The estate extends over 58 hectares, of which 30 are planted to vines, and the remaining 28 are left to nature. In the second half of the nineteenth century, a lawyer named Giancarlo Ageno discovered the place to be apt for winemaking and started the production of wines with significant and curious names such as Bordò, Bordò bianco, Pinò.
In 1973 La Stoppa was bought by the Pantaleoni family, and from the mid-nineties, Elena Pantaleoni leads the company. Elena, flanked by Giulio Armani, focused the work in the vineyards, managed accordingly to the organic method certified by Suolo and Salute. The naturally low yields, due to the average age of the vines and the poor soil, and the intrinsic quality of the grapes make it possible to obtain very characterized wines, born in the vineyard and transformed in the cellar through a minimalist approach.
The care of the vineyard is carried out by letting the plant grow autonomously, without fertilization or weed killers, only sulfur and copper treatments. The cultivation process is all done by hand -- pruning, tying, removing non-fruit-bearing buds, and harvest - to ensure that greater attention is given to the quality of the grape selection. The grapes from the younger vines are used for the production of young wines and the finest grapes and older vines are used for the production of long-aging wines.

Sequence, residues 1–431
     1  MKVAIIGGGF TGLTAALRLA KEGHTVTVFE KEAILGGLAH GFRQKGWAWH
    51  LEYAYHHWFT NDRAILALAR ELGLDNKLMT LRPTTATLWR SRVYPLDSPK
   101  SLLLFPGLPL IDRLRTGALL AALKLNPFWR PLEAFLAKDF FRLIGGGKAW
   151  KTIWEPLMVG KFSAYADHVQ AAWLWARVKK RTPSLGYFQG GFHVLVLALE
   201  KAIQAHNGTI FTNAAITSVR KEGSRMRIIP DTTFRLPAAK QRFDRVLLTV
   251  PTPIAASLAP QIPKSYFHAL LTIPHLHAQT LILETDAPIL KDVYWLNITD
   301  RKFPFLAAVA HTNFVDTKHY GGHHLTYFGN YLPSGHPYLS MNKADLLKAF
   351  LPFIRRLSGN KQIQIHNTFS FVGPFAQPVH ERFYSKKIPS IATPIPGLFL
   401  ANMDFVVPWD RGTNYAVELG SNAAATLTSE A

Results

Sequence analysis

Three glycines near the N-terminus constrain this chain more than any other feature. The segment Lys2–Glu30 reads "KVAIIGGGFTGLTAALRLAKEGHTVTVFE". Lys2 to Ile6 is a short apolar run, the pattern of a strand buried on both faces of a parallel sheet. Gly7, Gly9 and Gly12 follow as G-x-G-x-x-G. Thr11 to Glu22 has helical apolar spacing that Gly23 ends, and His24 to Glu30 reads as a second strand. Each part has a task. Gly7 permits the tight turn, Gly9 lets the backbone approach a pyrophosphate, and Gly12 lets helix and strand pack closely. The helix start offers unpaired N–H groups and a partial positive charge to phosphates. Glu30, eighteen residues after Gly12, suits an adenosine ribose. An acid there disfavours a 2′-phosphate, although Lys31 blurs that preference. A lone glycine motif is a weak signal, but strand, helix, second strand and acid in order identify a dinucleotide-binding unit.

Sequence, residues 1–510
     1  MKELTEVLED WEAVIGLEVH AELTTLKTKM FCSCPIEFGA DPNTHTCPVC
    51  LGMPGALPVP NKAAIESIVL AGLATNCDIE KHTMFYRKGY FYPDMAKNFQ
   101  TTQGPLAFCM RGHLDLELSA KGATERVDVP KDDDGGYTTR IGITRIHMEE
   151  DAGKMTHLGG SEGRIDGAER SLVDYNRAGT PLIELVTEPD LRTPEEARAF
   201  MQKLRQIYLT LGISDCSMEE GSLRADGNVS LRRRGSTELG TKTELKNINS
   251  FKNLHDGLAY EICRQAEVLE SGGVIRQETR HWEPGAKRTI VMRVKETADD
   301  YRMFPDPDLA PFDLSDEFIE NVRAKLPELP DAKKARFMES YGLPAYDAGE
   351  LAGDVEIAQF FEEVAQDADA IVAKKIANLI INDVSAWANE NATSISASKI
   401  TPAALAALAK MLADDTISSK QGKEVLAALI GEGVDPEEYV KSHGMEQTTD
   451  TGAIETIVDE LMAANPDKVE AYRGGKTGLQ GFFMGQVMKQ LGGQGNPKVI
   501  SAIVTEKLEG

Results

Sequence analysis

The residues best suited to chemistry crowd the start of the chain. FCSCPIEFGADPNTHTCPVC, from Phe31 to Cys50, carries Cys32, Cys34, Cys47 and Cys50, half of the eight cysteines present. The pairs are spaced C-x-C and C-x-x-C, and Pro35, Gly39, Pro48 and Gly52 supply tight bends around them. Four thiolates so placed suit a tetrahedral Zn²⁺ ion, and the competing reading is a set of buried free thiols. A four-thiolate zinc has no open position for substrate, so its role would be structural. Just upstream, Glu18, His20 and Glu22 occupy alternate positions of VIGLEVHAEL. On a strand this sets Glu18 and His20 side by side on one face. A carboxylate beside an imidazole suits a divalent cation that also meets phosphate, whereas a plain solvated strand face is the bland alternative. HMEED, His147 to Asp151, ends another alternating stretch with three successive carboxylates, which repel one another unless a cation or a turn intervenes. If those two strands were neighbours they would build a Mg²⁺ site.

Since the mid-nineties we have decided to cultivate mainly the local varieties : Barbera and Bonarda for red grapes, Malvasia di Candia Aromatica, Ortrugo and Trebbiano for white grapes.
Steel and cement tanks are used for the vinification of the de-stemmed fresh grapes. For our riservas, after fermentation the wines are left for long ageing in wooden barrels and tanks, followed by a period of bottle-ageing. All of the fermentations are spontaneous with indigenous yeasts, no sulfites and at ambience temperature. We allow long skin-contact (maceration) to extract the maximum from the grapes and to capture the distinctive characteristics of each vintage. Wood-ageing of the wines allows the wine to breathe and mature slowly. This is a necessary practice for our wines, which are made from grapes grown in a hot and dry climate. Bottle-ageing is also a very important process to improve and balance every constituent element of the wine.